Archive for February, 2017


Heart-Healthy Meals that are Child-Friendly

Tuesday, February 28th, 2017

healthy meal

It’s not easy to get kids to eat healthy, and it’s even more difficult to get them to understand why eating a certain way is important; children live in the now and are blissfully unaware of how their habits as children will impact them as adults.

The sooner you help kids to establish healthy eating habits, the easier it will be for them to adopt them for the long term. But before getting into the most child-friendly heart-healthy meals, here’s a primer on how to eat healthy, specifically with the heart in mind:

Heart-Healthy Eating 101

Heart-healthy foods are low in both salt and saturated fat (with zero trans fats). But that doesn’t mean that they are completely free of fat! Instead, heart-healthy foods may contain polyunsaturated and monounsaturated fats — and that’s ok. Not all fats are bad, and it’s important to accept this fact if you intend to follow a heart-healthy diet. Of course, anything in excess can be harmful, so make sure to follow a balanced diet that includes proportionate amounts of nutrients.

The following represent some of the best heart-healthy foods, and how to use them in child-friendly heart-healthy meals.

Whole Grains

The ChooseMyPlate website identifies grains as any food made from wheat, rice, oats, cornmeal, barley or another cereal grain. Luckily, it’s not too hard to get kids to eat grains — it’s just important to make sure that the grains they consume are nutrient-rich. Refined grains, like white flour, lose a lot of the best heart-healthy nutrients, while whole grains keep everything intact.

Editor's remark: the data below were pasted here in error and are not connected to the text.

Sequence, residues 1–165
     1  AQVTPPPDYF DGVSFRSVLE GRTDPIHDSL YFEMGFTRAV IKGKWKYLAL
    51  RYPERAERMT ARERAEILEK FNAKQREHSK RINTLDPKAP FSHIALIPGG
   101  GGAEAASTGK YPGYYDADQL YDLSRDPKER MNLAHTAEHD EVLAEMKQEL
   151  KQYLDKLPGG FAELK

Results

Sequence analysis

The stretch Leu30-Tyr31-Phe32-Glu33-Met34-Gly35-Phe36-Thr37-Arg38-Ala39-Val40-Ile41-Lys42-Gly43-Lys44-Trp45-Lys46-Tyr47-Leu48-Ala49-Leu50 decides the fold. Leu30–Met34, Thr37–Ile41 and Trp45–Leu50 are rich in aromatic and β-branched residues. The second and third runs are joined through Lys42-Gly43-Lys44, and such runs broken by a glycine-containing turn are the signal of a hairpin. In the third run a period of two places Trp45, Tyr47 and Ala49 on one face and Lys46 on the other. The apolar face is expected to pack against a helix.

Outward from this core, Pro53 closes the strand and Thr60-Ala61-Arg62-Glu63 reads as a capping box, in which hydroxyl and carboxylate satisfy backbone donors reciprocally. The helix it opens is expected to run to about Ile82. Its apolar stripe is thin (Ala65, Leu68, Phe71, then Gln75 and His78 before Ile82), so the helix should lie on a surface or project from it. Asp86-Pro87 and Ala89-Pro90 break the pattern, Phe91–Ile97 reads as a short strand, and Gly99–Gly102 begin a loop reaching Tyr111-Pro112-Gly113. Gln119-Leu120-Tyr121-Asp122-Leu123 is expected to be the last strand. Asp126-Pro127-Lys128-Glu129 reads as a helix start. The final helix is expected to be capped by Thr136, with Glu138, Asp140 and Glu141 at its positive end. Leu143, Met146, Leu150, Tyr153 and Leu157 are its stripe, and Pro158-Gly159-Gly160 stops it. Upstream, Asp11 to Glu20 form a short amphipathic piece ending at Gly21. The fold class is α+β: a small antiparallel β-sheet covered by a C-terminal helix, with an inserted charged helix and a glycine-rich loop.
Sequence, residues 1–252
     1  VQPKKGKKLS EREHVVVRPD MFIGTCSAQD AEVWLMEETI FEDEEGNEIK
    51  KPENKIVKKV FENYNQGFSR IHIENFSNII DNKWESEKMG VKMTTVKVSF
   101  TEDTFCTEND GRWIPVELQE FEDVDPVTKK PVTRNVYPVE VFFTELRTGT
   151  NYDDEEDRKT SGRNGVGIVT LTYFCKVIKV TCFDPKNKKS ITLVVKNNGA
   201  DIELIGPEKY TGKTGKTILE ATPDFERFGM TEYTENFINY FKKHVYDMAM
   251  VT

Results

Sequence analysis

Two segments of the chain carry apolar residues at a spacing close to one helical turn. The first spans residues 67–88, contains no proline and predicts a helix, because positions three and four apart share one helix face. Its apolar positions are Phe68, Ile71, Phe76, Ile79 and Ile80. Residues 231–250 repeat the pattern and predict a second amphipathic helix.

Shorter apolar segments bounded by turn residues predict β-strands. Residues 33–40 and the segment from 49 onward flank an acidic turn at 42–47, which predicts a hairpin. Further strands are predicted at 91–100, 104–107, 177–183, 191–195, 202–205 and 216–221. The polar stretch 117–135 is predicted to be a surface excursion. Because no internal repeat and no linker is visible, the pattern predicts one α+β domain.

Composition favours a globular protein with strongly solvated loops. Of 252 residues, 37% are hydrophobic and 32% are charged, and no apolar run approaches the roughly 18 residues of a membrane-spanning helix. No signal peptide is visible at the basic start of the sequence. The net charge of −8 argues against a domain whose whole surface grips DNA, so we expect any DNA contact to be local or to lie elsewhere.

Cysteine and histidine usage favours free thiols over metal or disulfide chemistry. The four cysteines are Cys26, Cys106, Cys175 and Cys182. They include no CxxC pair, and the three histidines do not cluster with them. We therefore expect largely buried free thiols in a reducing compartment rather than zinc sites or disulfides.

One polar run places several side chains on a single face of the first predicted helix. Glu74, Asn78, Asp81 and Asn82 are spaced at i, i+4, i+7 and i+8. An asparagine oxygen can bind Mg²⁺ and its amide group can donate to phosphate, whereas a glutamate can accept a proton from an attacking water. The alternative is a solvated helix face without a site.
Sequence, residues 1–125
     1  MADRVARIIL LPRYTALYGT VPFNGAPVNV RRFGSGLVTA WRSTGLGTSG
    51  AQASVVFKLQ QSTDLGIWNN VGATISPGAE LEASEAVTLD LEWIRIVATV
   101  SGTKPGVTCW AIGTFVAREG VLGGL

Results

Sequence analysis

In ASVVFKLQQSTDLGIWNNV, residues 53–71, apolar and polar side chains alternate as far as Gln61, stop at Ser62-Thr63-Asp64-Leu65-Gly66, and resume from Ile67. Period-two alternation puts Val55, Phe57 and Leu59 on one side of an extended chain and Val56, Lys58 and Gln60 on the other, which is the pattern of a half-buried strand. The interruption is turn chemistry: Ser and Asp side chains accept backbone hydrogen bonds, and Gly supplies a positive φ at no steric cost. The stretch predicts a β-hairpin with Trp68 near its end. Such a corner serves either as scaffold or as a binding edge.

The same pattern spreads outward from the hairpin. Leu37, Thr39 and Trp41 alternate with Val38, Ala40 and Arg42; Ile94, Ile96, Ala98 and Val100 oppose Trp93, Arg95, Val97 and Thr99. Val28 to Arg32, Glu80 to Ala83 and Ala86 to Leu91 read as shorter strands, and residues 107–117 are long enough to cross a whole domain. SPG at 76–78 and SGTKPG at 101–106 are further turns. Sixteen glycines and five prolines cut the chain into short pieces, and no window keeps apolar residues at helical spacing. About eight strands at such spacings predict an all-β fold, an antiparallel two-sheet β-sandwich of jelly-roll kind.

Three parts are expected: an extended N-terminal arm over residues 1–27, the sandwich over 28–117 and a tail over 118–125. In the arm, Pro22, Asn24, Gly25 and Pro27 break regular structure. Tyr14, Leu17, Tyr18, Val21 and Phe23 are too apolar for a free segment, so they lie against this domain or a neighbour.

A few child-friendly heart-healthy meal ideas using whole grains:

  • A bowl of oatmeal with sliced fruit
  • A whole grain sandwich with lean meats (like turkey) and vegetables
  • Whole grain pasta with pesto (the olive oil in pesto has heart-healthy fats)

Vegetables

Everyone knows vegetables are good for them, but certain vegetables are better than others for heart health. Specifically, spinach, carrots, sweet potatoes, and red peppers (and many other red, yellow, and orange veggies) are known as being especially heart-healthy.

The secret to getting kids to eat veggies (and getting them excited about it!) is often to hide them in something else, or draw attention to another part of the meal so that they barely notice the vegetables.

A few child-friendly heart-healthy meal ideas using vegetables:

  • A veggie-filled omelette
  • Chicken fajitas with red peppers
  • Sweet potato and black bean salad (recipe)
  • Smoothies — it’s easy to disguise the taste of carrots and spinach with fruit!

Tomatoes

Most tomato varieties provide lycopene, vitamin C and alpha- and beta-carotene. Luckily, it’s usually not too hard to get kids to eat tomatoes.

A few child-friendly heart-healthy meal ideas using tomatoes:

  • Tomato sauce with chopped veggies and whole grain pasta (two heart-healthy ingredients)
  • Sloppy Joes made with salsa and ketchup, with lean ground turkey

Berries

Besides being delicious, berries are rich with heart-healthy phytonutrients and soluble fiber.

A few child-friendly heart-healthy meal ideas using berries:

  • Yogurt parfait with berries
  • Whole grain cereal with berries (two heart-healthy ingredients)

Dark Chocolate